In 2005, Roelstraete co-curated Honoré d’O: The Quest in the Belgian pavilion at the 51st Venice Biennale. He has also organized solo exhibitions of Roy Arden (Vancouver Art Gallery, 2007), Steven Shearer (De Appel, Amsterdam, 2007), and Zin Taylor (Ursula Blickle Stiftung, Kraichtal, 2011), as well as small-scale group shows in galleries and institutions in Belgium and Germany.
Roelstraete is an editor of Afterall and a contributing editor to A Prior Magazine, and has published extensively on contemporary art and philosophical issues in numerous catalogues and journals including Artforum, Frieze, and Mousse Magazine. He is one of the founders of the journal FR David and a tutor at De Appel in Amsterdam. In 2010, his book Richard Long: A Line Made By Walking was published by Afterall Books/The MIT Press, and a volume of his poetry will be published by ROMA in May 2012. He lives in Berlin with his wife Monika Szewczyk.
October 3, 2011 · Print This Article
We’re super thrilled to announce that Bryce Dwyer is joining the team at Bad at Sports as our newest blogger. He’ll be posting every other Monday, and we can’t wait. Many of those in the Chicago art community are already familiar with Bryce and his work with InCUBATE, but for those outside of Chi, here’s the scoop: Bryce Dwyer is a writer and organizer based in Chicago. Since 2007, he has co-organized exhibitions, a residency program, a lecture series, and many other public events with InCUBATE. He recently co-organized The International Day of Soup, a gathering of meal-based micro-granting projects from around the world. Most recently, he co-curated the School of the Art Institute of Chicago’s MFA Thesis Exhibition and served as associate editor of PHONEBOOK 3, a directory of artist-run spaces and programs across the US. A shameless bibliophile, his shelves currently bulge with books whose subjects range from cooking to comedy and democracy to disco. Projects that Bryce has been involved with lately that he’s especially loved include the Public Culture Lecture Series at Three Walls; the exhibition In Search of the Mundane, also at Three Walls; and InCUBATE’s Person-in-residency program (now closed).
Welcome aboard, Bryce!
David Shrigley fans, take note: Shrigley will be signing copies of his new book What the Hell Are You Doing? The Essential David Shrigley TONIGHT at 7pm at Quimby’s Bookstore, 1854 W. North Ave., Chicago. Tomorrow night, he’ll be speaking at Columbia College Chicago’s Stage Two from 6:30pm – 9:30pm, 618 S. Michigan Ave., 2nd Floor. Quimby’s will be there both nights to sell the hell out of his books. Should be good! And stay tuned over the coming months for Duncan’s interview with Shrigley on the podcast (dates still TBD). Full details on tonight and tomorrow’s events below:
WHAT THE HELL ARE YOU DOING? The Essential David Shrigley
“David Shrigley is probably the funniest gallery-type artist who ever
lived.” -Dave Eggers
“With a casual gesture Shrigley points to that hideous shape whose
name I’ve never known—and then he names it. And the name is
profoundly, embarrassingly familiar. I’m laughing while frantically
searching for a pen, so desperate to capture the feeling he has
unearthed in me.” -Miranda July
David Shrigley is the rare artist that can comfortably walk the fine
line between pop culture and high art. While he’s animated videos for
musicians such as Blur and Bonny Prince Billy, his work can also be
seen in world renowned museums such as MoMA and the Tate Modern, and
his highly distinctive style has been on display in galleries in New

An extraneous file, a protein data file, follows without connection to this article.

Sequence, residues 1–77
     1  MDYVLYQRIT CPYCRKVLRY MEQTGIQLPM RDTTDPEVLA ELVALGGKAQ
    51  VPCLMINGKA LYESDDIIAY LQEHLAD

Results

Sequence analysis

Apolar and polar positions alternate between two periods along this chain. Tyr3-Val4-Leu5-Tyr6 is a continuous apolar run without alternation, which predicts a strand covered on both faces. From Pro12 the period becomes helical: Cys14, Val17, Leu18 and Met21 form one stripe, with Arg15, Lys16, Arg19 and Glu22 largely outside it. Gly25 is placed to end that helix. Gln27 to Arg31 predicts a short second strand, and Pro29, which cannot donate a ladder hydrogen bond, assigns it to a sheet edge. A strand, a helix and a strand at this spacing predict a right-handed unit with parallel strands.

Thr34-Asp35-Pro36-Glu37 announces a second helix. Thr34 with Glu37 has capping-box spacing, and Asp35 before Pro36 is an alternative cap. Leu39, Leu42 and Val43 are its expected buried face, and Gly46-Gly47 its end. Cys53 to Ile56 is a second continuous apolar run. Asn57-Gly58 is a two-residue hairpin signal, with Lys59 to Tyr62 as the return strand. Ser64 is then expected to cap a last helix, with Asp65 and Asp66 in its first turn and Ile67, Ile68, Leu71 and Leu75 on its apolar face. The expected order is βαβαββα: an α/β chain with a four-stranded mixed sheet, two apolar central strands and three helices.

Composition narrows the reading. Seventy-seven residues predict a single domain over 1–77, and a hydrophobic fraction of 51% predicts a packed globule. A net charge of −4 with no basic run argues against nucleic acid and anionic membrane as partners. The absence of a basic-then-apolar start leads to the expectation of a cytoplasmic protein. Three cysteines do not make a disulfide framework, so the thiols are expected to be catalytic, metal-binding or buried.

York, Paris, Berlin, Melbourne, and beyond. He is also clearly a
The aptly named WHAT THE HELL ARE YOU DOING: The Essential David
Shrigley [W. W. Norton & Company; October 24th, 2011; $35.00
hardcover] is an outrageous compilation of his illustrations, comics,
photography and sculpture. His crude drawings and unexpected
compositions are at once childish and clever, and each depiction oddly
sincere. They capture the morbid humor of Edward Gorey, the absurdity
of a Monty Python sketch, and the peculiar perspective of a Charles
Addams cartoon. In short, this beautiful, full color collection is an
indispensible introduction to one of contemporary art’s most
fascinating and provocative minds.
The pieces in this book are an eclectic and encompassing
representation of Shirgley’s interest in the surreal. From a
photograph of a hot dog (affixed with googly eyes and tucked
comfortably into bed) to childlike drawings of humanity’s most
grotesque members (a man drinking a goblet of blood, captioned simply
with “CHEERS!”) this book is a both a celebration of condemnation of
humanity’s most base urges, fears, and delights.
WHAT THE HELL ARE YOU DOING? is remarkably bold, and Shrigley leaves
no topic untouched. Through colorful commentary, he explores
everything from clowns to caffeine, sexuality to God, and all the
delightfully inappropriate bits in between. You would be hard-pressed
to find, in any other work of art, a match to Shrigley’s satirical
brilliance. As Will Self points out in the introduction, “Shrigley’s
photographic works suggest the refined eye of someone sent back from
the future beyond the looming apocalypse, charged with assembling
images that, while ostensibly of the mundane, nonetheless explain how
it came to pass that humanity destroyed itself.” By turns unsettling,
moving, and gut-wrenchingly funny, WHAT THE HELL ARE YOU DOING? is a
revealing glimpse into an offbeat, darkly comedic, and utterly
hilarious artistic mind. For more info: davidshrigley.com/.
Tues, Sept 20th, 7pm at Quimby’s Bookstore 1854 W. North Ave., Chicago
Wed, Sep 21st , 6:30pm – 9:30pm at Columbia College Chicago – Stage
Two 618 S. Michigan Ave., 2nd Floor.…Quimby’s will be there to sell
These events are co-sponsored by Quimby’s Bookstore, Columbia College
and AIGA Chicago.
Quimby’s Bookstore 1854 W. North Ave Chicago, IL 60622 p:
773-342-0910 f: 773-342-0998 quimbys.com